A Rocky Mount-based eastern North Carolina law firm with global connections celebrated its 100th anniversary last week.
Battle, Winslow, Scott & Wiley, P.A., a member of Meritas, a worldwide alliance of experienced lawyers and full-service law firms, hosted 200 family members, friends and guests at Benvenue Country Club on Thursday evening.
During the reception a video presentation honored founders, associates, “of counsel” and retired colleagues, administrators, paralegals and secretarial staff.
Following presentations by Marshall Gallop and Brian Scott, the Centennial’s participants continued enjoying beef tenderloin, iced shrimp and oysters, skewered chicken and grilled vegetables.
There are currently 16 attorneys in the full-service firm who look forward to providing another 100 years of legal and community service.
Marshall A. Gallop Jr., the firm’s current president, is the primary attorney for Nash Health Care. The firm has represented the hospital since its inception.
Vince Durham is the lead attorney for Nash County.
Randall Pridgen, who focuses on estate administration and business transactions, is chairman of the Nash County Planning Board.
Greg Crumpler previously served as clerk to two N. C. Supreme Court Justices, and focuses on insurance defense litigation.
Curt Bentz previously served on the Judge Advocate Attorney General’s staff of the U. S. Air Force, and focuses on labor and employment law.
The specialties of Joseph Callaway, Dudley Whitley, Scott McKellar, Marlo Ricks, and Paula Shearon include collections, bankruptcy and civil litigation.
Jake Parrott and David Green have specialties in real estate law. Katherine Wiggins Fisher focuses on family law.
There are three “of counsel” attorneys who remain active with the firm: J. Brian Scott, Samuel S. Woodley Jr., and Leon Henderson Jr.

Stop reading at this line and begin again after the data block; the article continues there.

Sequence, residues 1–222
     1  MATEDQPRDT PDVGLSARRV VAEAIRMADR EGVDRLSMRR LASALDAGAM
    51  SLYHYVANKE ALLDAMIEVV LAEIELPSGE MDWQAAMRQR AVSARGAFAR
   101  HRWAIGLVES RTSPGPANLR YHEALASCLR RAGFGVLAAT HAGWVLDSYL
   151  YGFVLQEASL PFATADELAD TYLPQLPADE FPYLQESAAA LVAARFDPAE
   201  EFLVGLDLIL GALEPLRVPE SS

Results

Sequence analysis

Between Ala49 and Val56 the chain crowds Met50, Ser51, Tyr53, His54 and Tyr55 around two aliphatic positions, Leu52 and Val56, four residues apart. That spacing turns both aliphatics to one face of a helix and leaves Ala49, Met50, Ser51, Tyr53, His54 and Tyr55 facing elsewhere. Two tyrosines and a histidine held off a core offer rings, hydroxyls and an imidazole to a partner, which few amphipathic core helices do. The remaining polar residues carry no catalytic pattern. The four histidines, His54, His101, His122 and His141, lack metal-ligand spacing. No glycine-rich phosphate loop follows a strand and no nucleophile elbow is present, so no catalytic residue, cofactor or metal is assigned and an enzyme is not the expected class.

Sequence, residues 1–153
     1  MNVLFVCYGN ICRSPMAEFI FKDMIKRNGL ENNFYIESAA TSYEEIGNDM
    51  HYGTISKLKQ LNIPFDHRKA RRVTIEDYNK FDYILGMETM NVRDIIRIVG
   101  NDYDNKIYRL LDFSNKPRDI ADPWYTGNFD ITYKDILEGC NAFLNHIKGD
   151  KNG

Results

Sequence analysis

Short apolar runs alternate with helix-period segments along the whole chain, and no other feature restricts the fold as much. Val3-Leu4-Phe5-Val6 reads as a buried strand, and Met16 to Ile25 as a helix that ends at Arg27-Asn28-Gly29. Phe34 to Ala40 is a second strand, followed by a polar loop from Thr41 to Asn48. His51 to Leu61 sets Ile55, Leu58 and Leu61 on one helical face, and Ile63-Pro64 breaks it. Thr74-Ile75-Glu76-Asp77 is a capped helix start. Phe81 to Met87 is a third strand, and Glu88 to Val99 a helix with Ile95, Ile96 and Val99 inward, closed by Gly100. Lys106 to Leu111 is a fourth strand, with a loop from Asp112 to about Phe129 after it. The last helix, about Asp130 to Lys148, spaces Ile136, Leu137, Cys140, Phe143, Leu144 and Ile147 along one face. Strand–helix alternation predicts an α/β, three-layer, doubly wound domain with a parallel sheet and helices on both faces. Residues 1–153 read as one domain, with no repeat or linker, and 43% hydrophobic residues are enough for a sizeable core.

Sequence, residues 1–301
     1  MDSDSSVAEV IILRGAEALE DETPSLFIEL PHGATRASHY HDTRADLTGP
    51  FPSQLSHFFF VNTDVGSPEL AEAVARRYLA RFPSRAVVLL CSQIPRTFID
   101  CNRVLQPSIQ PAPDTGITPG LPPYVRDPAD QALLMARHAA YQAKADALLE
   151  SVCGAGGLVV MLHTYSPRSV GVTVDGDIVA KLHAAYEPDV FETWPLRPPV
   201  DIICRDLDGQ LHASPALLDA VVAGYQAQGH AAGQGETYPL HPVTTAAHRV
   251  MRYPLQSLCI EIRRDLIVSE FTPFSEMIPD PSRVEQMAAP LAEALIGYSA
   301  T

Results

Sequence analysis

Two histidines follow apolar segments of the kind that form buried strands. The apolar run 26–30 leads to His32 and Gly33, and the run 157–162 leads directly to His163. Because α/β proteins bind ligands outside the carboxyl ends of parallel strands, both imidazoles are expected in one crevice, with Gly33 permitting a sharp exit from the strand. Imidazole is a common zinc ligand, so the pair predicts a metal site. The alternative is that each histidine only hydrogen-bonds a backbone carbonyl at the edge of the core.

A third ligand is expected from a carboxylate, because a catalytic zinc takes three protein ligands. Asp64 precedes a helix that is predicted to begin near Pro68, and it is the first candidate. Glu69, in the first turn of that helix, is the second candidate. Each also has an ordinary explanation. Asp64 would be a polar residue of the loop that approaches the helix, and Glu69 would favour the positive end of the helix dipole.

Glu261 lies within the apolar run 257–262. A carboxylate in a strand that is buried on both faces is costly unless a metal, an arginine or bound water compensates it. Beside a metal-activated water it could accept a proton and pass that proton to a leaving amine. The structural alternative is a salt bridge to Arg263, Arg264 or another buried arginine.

Scott joined the firm in 1953 and became its first president in 1970 when the professional association was incorporated.
Thomas L. Young who joined the firm in 1961 is retired, as is Thomas G. Dill who joined the firm “of counsel” in 2002.
Battle, Winslow, Scott & Wiley began in 1911 as a partnership between Kemp D. Battle of Rocky Mount and Frances E. Winslow from Hertford in Perquimans County.
It was the same year that the predecessor of The Rocky Mount Telegram was started, and the same year a YMCA was built on railroad land with $30,000 provided by the Atlantic Coast Line Railroad.
Herman S. Merrell, who joined the firm in 1935, died in 1966. Robert M. Wiley joined the firm in 1953. He died in 1998.
“Battle and Winslow’s first offices were at 124 N.W. Main Street in downtown Rocky Mount,” wrote Tom Young in his remembrances.
“One of the first jobs handled by the law firm was preparation of the deed from Bennett Bunn to Rocky Mount Mills for Stonewall,” he wrote. “The charge was $5.”
In 1920 the offices were moved to the National Bank of Rocky Mount Building at 109 South Elm Street near Rocky Mount Mills, and in 1925 to the fifth floor of the Old Peoples Bank Building at 107 S.E. Main Street.
In 1968 the firm moved to the new Peoples Bank Building on North Church Street. In 1980 the firm moved into its own building at 605 Sunset Ave. until 1991.
The firm is now located at 2343 Professional Drive, with a Raleigh office at 3737 Glenwood Avenue.
The University of North Carolina Law School has graduated most of the firm’s attorneys with six, followed closely by Campbell University Law School with five, and by Wake Forest University Law School with three.
Gallop is a graduate of Suffolk University Law School, with an L.L.M from Boston University Law School.
Bentz is a graduate of Case Western Reserve Law School, with an L.L.M. from George Washington University Law School.
Winslow, Frank Porter Graham, and Battle, after finishing first, second and third at the top of their UNC undergraduate class in 1909, began their legal training together in UNC Law School.
Winslow took his final year at Columbia University Law School, then passed up a Charlotte opportunity and responded to an invitation by Battle to join him in Rocky Mount in the fall of 1911.
They practiced together for 62 years until Battle died in 1973, longer than any other partnership in the state. Winslow died shortly thereafter in 1976.